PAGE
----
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AUSTRALIAN PRUDENTIAL REGULATION AUTHORITY AMENDMENT BILL 2003: Second Reading

Mr CADMAN (Mitchell) (11.57 a.m.) —I rise to speak on the Australian Prudential Regulation Authority Amendment Bill 2003. I listened to the previous member's contribution with a great deal of interest and found in what he said much with which I agree.

APRA was established, as the House may be aware, on 1 July 1998. It was established to be responsible for the prudential regulation of banks, life insurers, general insurers, building societies, credit unions, friendly societies and superannuation. APRA was and is fully funded by the industries that it supervises, and its responsibilities cover approximately 85 per cent of the assets of Australia's financial system. Therefore, it is a very significant organisation and has a very onerous and highly responsible task to fulfil.

APRA sets standards, including capital requirements—that is, the assets held in order to cover any unforeseen circumstances—that apply to insurance companies and banks and other financial institutions for the prudential management of banks and other deposit takers, making sure that the role of those deposit takers is ethical and that they are carefully managing the funds of other institutions, businesses and private individuals. It also has responsibility for the prudential management of insurance companies and friendly societies. For superannuation matters, APRA aims to ensure that trustees are aware of their obligations to members and that trustees manage the funds prudently.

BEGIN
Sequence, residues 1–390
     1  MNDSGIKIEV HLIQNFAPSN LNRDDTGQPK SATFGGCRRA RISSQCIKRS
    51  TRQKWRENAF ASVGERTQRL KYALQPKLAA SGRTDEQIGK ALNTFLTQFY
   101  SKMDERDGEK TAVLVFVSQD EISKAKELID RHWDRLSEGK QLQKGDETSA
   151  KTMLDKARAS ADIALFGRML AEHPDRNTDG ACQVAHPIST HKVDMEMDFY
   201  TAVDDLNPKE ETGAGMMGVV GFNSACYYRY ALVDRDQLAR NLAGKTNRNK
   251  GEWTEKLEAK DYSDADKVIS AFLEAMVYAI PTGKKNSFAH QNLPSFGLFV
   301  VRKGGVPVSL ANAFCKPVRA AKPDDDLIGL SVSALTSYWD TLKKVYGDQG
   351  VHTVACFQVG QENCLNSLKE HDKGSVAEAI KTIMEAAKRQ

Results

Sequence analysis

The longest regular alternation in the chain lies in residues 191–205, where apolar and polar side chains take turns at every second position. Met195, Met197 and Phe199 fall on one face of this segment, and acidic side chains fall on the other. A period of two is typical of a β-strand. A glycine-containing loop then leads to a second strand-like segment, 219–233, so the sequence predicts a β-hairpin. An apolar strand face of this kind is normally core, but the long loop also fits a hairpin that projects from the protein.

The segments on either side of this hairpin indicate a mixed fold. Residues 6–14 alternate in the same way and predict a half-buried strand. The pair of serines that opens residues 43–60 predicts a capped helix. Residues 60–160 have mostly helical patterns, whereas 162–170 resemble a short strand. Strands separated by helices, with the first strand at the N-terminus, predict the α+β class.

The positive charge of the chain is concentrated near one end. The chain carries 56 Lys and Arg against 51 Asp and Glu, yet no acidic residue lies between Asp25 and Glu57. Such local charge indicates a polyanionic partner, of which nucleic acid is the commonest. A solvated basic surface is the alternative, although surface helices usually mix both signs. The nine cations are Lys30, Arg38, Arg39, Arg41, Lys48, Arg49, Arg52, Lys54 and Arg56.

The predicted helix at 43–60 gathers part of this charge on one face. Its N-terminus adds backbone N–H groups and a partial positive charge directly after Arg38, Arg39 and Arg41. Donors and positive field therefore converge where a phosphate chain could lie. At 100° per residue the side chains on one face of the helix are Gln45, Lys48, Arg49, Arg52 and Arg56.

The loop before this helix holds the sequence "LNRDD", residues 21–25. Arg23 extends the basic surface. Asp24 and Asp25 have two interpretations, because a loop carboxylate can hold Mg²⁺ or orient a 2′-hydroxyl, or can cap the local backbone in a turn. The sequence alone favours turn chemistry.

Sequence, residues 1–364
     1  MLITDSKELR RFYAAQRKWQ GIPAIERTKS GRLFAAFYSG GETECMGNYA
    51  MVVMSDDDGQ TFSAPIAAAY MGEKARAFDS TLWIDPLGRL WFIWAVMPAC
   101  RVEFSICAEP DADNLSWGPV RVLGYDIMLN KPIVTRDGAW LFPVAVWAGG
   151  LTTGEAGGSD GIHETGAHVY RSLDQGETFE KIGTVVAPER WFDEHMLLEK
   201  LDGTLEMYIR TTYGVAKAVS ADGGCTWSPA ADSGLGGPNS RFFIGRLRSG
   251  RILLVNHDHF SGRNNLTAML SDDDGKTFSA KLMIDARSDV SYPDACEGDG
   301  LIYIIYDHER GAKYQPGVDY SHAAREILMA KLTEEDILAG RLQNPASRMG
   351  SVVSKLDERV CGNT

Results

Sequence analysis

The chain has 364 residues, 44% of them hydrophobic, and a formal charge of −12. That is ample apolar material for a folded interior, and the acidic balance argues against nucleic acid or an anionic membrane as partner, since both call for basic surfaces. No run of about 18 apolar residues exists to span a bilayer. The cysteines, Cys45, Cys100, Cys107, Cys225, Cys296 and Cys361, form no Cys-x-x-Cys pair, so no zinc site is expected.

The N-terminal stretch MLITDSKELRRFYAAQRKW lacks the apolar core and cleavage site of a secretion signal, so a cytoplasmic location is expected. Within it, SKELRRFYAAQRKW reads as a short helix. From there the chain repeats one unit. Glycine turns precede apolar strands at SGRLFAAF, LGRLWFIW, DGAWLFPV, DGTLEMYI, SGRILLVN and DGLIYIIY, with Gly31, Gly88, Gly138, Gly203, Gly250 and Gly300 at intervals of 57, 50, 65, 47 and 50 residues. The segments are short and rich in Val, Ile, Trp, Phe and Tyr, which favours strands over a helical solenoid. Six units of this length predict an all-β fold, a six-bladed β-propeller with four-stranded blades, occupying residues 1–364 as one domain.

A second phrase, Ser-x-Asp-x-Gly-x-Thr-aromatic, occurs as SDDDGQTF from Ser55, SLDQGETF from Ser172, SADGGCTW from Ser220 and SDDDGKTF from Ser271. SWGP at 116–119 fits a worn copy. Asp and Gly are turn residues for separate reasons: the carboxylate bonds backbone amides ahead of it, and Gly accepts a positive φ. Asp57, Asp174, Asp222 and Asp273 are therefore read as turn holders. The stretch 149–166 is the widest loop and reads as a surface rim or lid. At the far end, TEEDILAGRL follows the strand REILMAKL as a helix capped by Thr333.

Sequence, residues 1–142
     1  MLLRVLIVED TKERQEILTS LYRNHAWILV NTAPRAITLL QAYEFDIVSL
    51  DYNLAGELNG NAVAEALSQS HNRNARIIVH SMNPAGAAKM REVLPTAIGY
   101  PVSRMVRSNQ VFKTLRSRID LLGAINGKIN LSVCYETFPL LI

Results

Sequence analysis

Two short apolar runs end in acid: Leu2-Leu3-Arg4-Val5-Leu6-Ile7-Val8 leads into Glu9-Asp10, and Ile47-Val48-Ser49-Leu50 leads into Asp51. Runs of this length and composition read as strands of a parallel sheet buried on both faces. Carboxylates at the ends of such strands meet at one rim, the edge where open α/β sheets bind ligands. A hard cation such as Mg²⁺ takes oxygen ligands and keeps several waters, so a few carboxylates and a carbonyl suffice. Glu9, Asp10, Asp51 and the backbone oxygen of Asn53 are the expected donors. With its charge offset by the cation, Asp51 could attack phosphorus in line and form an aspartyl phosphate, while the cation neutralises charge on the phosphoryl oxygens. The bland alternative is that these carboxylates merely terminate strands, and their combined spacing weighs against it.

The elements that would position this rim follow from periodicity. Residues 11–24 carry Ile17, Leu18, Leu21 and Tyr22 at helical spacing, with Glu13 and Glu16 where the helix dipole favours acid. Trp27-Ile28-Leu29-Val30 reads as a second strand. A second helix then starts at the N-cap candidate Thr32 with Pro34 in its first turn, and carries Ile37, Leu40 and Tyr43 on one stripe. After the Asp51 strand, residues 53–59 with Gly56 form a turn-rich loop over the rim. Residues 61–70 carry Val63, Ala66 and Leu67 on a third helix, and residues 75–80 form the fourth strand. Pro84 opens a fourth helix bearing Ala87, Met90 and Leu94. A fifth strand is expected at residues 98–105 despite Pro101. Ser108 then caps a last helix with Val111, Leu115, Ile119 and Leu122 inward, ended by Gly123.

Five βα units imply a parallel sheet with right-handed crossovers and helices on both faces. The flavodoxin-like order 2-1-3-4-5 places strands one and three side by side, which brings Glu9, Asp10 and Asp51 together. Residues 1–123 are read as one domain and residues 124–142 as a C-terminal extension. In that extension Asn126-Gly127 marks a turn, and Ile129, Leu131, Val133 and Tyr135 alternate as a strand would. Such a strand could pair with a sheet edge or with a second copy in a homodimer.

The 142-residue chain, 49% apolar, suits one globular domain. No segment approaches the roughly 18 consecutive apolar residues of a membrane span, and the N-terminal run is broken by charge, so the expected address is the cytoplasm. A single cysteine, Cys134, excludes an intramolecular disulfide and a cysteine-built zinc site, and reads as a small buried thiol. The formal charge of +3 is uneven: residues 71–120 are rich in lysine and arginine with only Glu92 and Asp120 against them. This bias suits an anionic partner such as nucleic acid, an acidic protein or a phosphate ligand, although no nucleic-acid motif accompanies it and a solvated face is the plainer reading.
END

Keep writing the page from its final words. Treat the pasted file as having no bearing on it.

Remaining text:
I think that anybody looking at APRA would understand what a wide-reaching role it has, what a diversity of responsibilities it must execute and how careful it needs to be in decision making. APRA was established by a recommendation of the Wallis inquiry, in response to one of Stan Wallis's reports. That inquiry was established by this government when it first came into office in 1996. The argument for a single, stand-alone prudential regulator in Australia was put in the Wallis inquiry, and I think it is best summarised by this statement:

One motivation for recommending a single prudential regulator is to provide greater flexibility, responsiveness and efficiency in the face of potentially major changes in the financial landscape.

That motivation is highly placed and is in line with the government's view that Australia can become the centre of financial services for South-East Asia and in fact become a major transaction and finance provider for the whole of our region, so the mechanism to provide those services is a very critical one. In introducing the changes that established APRA, the Australian Prudential Regulation Authority, the Treasurer said on 2 September 1997: [start page 15890]

The operational effectiveness of the depositor protection provisions will be strengthened, by providing powers for early intervention in a financially troubled institution and by making clear that the regulator can wind up an insolvent entity. The APRA will also be given enhanced powers to take action in the case of financial difficulties experienced by life and general insurance companies, and superannuation funds.

That is a quote from his speech at the introduction of APRA.
(Division called)

Mr CADMAN (Mitchell) (12.12 p.m.) —I was referring to the changes the government has introduced to provide a framework of prudential supervision for banks, insurance companies and other deposit takers as a response to the difficulties created by the collapse of HIH. The Treasurer in introducing the bill which established APRA said: